Luc Brunsveld was awarded a NWO ECHO grant

Excellence, curiosity and a great deal of courage. These are the main criteria behind the assignment of the ECHO grants by the Netherlands Organisation for Scientific Research (NWO). Individual awards of a maximum of 260’000 euros which allow creative, risky ideas in the field of chemistry to be pursued. This year, Luc Brunsveld, Professor Chemical Biology at the Department of Biomedical Engineering at TU/e, was awarded with an ECHO grant for his research plans on drug targets based on nuclear receptors.

Brunsveld is very happy with this achievement. “The competition is very harsh”, he explains, “with approximately 15 % of the grant proposals being granted every year. So, next to a good proposal, also highly supportive reviewers and a fair deal of luck are required.” The main innovative strength of this ECHO proposal is twofold. With his research, Brunsveld hopes to contribute to early drug discovery via novel small molecule leads and to address an important conceptual need in chemical biology via the molecular understanding of protein modulation.

Nuclear receptors as drug targets

Nuclear receptors (NRs) are a superfamily of proteins found within cells. When small ligands bind to NRs, NRs respond regulating the reproductive system, the development, the metabolism, and many pathological processes. Approximately 16% of all marketed drugs, for example those against auto-immune diseases or cancer, target the NR superfamily and modulate its function.

Orthosteric versus allosteric protein modulation

Small ligands typically bind NRs at specific locations called “orthosteric pockets”. Thus, to date, the majority of drugs targeting NRs were designed to bind these orthosteric pockets. However, low drug efficacy due to competition with ligands produced by the body itself, drug resistance, drug toxicity, and low NRs selectivity demand alternative solutions. In this regard, “allosteric” as opposed to orthosteric modulation of NRs holds significant promise, as it in principle overcomes a number of these limitations. “In the context of NRs based drugs development”, explains Brunsveld, “allosteric modulation refers to the ability of a ligand to bind to a different pocket than the orthosteric one”. For Brunsveld, this intuition is the result of a previously published work in Nature Communications, which describes a promising drug target for the treatment of autoimmune diseases. In this work, Brunsveld and colleagues identified a potent inverse agonist of a NR gene transcription factor, which acts through binding to a novel allosteric pocket never before seen on NRs.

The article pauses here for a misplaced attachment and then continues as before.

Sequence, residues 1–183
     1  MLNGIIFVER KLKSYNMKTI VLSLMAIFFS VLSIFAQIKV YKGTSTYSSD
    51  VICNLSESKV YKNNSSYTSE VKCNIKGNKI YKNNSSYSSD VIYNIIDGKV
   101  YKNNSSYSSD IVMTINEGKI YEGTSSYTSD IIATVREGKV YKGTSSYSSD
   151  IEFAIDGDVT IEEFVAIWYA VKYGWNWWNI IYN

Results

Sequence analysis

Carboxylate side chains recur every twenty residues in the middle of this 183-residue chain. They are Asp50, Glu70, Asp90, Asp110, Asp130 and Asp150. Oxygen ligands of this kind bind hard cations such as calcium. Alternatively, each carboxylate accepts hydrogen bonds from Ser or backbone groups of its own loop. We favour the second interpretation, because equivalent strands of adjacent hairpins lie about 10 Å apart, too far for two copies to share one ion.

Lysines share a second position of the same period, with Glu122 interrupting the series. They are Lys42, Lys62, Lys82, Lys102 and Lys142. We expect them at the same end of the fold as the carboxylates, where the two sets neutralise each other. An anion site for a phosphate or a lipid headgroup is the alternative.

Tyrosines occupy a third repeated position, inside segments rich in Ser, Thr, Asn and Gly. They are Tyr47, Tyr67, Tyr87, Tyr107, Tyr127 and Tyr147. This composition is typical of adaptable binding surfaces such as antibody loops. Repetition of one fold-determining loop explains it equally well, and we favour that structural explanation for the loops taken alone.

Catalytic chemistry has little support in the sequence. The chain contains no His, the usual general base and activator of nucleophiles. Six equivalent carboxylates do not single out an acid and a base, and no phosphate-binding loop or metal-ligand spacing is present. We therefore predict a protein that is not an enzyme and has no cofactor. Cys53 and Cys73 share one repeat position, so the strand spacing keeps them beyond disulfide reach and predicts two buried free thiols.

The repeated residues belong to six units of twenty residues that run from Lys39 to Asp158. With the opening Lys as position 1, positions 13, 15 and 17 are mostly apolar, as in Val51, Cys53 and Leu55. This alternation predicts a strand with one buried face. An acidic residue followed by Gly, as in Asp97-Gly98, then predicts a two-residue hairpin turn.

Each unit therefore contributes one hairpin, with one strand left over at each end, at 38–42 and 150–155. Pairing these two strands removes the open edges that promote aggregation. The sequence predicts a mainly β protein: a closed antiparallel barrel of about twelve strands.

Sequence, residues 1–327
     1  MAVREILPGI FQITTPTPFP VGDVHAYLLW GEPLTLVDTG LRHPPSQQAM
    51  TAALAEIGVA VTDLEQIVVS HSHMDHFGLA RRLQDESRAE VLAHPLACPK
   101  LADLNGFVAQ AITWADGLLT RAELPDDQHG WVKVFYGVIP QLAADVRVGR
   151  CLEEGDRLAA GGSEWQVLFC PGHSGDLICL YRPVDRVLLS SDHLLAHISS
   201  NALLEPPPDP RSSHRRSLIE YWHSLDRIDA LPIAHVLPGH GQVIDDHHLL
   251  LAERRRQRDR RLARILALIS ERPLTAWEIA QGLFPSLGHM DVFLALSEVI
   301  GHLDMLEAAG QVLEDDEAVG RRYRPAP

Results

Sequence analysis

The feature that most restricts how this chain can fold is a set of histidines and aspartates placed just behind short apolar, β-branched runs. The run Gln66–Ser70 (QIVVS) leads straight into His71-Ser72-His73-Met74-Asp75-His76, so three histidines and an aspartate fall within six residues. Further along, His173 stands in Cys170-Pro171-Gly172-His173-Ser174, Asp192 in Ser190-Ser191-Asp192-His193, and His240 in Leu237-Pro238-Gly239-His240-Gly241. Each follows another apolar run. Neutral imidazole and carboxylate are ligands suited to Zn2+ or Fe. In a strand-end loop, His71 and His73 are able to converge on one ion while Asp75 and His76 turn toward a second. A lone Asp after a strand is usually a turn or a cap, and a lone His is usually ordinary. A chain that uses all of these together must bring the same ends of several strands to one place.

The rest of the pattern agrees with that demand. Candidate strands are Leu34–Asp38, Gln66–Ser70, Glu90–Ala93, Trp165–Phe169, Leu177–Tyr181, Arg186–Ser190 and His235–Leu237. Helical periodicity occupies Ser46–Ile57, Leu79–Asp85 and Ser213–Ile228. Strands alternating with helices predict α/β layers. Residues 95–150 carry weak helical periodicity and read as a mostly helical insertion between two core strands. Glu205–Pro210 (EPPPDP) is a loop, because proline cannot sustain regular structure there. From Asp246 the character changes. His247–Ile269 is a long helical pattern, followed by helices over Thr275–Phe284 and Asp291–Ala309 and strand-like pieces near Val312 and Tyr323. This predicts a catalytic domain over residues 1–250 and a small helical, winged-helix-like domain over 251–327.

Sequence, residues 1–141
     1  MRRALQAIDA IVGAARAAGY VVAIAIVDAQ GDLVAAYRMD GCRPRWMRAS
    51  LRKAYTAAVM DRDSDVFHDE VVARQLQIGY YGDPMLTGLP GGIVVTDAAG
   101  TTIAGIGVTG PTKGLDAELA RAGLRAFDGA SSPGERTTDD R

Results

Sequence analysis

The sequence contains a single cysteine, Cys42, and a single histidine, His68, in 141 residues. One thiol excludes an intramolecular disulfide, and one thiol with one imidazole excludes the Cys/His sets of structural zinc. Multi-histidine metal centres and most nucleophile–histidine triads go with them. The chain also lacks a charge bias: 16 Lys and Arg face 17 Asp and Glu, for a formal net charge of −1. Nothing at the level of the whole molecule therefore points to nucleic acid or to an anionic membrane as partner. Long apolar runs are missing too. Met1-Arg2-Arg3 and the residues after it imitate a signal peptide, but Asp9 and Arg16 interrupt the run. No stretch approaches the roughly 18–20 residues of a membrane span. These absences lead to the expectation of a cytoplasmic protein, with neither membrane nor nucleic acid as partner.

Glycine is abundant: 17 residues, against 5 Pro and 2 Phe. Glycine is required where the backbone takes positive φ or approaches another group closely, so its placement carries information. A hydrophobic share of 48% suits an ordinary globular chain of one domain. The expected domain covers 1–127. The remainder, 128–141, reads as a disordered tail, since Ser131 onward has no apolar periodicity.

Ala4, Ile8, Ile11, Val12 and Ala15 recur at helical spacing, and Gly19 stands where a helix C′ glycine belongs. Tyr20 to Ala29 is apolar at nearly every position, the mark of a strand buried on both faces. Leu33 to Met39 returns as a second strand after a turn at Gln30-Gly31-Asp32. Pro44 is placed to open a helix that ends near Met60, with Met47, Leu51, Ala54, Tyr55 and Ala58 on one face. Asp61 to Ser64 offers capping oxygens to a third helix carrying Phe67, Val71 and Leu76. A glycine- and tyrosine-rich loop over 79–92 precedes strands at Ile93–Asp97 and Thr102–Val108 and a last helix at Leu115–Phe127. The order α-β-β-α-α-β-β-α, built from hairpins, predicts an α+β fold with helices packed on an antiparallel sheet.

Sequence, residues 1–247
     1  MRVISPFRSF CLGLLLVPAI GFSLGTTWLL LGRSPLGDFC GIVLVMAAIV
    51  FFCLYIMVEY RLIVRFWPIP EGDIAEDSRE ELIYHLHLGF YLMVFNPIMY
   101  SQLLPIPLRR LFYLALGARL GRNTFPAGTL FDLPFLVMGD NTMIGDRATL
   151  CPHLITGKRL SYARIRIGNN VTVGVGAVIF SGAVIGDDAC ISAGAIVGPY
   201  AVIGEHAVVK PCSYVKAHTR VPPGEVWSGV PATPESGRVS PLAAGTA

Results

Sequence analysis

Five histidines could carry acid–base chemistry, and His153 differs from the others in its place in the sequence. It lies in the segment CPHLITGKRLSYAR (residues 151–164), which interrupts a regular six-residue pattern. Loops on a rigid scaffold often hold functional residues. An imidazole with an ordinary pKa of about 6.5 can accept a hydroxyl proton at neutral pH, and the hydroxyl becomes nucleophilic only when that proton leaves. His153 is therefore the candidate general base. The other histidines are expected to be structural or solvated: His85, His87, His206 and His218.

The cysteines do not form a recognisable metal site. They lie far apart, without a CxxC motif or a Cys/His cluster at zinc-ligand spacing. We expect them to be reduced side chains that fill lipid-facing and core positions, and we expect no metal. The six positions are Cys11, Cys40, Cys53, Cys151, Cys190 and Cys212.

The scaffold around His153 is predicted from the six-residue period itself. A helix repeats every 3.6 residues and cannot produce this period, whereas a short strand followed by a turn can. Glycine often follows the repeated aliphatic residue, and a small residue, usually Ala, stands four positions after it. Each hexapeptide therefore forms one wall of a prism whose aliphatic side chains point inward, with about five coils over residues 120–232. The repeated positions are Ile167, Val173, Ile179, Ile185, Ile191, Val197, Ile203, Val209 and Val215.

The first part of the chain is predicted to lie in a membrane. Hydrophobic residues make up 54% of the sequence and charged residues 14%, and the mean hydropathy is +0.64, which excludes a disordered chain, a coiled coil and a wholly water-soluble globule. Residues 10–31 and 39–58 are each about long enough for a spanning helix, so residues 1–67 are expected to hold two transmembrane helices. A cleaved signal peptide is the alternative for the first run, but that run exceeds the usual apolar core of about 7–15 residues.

ECHO grants

The ECHO Grants strengthen or renew lines of research from excellent research groups in Chemical Science. These groups can do groundbreaking new research for a maximum of six years. ECHO grants privilege excellent and brave researchers, the “seeds for future scientific innovation”. The grants cover three main research areas: chemistry of life, chemistry of materials and chemical conversion. ECHO grant applications can be submitted every year between November and May. The total budget available for granting is of approximately 7 million euro, every year. More infoat this link.

Interested in the research of Professor Brunsveld? Visit his personal page, at this link.